As a college sophomore, I took a required art history class, expecting it to be tedious and difficult. I was pleasantly shocked to find that it was neither. I discovered that artists didn’t paint names and dates. Instead, they painted ideas, and they did so in a way that made historical figures and events salient and memorable. History classes in middle and high school had only discussed the WHAT of the past. For the first time, I started to understand the WHY.
Consider an example: the Spanish Civil War.
A history textbook will tell you that the Spanish Civil War started in 1936 with a military coup staged by General Francisco Franco and his Nationalist forces. Franco was successful in overthrowing the Second Spanish Republic, ruling Spain as a dictator until his death in 1975.
Pretty dry, right? Now take a look at “Guernica,” a mammoth, 30-foot long painting by Spanish artist Pablo Picasso.
Doesn’t looking at this painting make you wonder what the hell is going on? That’s the power of art – it makes you ask WHY.
So here’s the why: the painting is named for the town of Guernica, the capital of Spain’s Basque region and the first civilian population center to be carpet-bombed by aircraft. WHY, you might ask? Well, Franco’s Nationalists were fascists, allied with the regimes of Adolf Hitler and Benito Mussolini. The Basques were receiving aid from the communist Soviet Union, which opposed the rise of fascism on both ideological and national security grounds. So, on April 26, 1937, in a joint attack by German and Italian warplanes, Guernica was bombed into rubble to show the rebellious factions of Spain, as well as the other nations of Europe, what fate was in store for anyone who stood against fascism.
”Guernica” was Picasso’s attempt to depict the agony and suffering inflicted on the innocent people of Spain. The screaming horse, wailing figures, and stoic bull represent various aspects of the event. The eye/light bulb signifies the importance of seeing and casting light on atrocity, rather than turning away and ignoring it.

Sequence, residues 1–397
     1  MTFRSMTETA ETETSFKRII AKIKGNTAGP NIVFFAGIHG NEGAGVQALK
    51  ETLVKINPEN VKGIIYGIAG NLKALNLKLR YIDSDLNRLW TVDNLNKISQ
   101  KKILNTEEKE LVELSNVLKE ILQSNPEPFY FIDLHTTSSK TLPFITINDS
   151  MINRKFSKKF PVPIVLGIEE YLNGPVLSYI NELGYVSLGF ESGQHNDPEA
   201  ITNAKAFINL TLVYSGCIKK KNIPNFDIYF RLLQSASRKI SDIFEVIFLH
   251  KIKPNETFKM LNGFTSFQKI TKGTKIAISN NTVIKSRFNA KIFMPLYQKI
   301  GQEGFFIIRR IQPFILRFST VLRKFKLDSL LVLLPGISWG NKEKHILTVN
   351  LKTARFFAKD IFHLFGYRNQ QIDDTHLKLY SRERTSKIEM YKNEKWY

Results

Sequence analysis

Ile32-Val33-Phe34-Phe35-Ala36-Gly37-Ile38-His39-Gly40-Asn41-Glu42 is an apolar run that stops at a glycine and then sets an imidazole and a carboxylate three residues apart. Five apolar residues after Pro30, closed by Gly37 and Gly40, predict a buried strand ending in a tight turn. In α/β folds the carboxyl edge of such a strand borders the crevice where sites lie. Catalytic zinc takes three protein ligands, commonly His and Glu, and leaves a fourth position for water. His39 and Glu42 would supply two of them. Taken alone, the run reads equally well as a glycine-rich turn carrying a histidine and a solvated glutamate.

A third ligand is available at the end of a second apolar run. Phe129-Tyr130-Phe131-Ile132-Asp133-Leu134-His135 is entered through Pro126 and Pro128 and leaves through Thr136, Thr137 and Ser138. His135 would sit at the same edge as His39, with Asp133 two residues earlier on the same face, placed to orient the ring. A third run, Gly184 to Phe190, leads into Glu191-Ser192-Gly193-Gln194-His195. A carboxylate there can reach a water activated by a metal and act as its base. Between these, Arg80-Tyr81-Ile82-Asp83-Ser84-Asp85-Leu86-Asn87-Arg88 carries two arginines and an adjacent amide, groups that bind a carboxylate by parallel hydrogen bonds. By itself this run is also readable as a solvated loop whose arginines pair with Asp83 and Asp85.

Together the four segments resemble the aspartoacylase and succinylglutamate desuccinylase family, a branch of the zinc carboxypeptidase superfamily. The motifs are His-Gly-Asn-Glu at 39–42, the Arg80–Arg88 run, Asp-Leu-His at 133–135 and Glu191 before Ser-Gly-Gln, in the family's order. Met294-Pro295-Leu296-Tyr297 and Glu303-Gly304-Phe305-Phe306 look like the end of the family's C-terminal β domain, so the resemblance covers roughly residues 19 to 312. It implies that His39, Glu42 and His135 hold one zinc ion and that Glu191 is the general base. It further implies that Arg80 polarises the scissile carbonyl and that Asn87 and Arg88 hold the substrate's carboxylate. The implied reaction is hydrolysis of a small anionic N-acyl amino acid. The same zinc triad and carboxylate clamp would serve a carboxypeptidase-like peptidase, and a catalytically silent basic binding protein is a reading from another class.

The Spanish Civil War is only one example, but it underscores the problem with the way history is taught. The war wasn’t just an isolated regional conflict. It was a single front in a broader, ongoing battle between fascists and communists for the soul of Europe – a battle that would grow into World War II, extend into the Cold War, and frame political debates to this day.
Viewed in this light, history is useful. It’s relevant. What do communism and fascism advocate, and how do they influence politics today? Are these ideologies our only options? If not, what are the alternatives? Is it morally acceptable to target civilians with acts of war? Why or why not?
These are questions that are not asked in history class, because the focus of education is on memorizing and regurgitating the WHAT, without ever exploring the WHY. This is the reason we have a population with zero understanding of the major ideas that shaped, and continue to shape, our world.
If you have kids, or if you know kids, do them a favor: start talking to them about the reasons behind the events they’re learning in history class. And if you don’t know the WHY (you probably don’t), take the time to learn. School didn’t teach you, and it won’t teach them.
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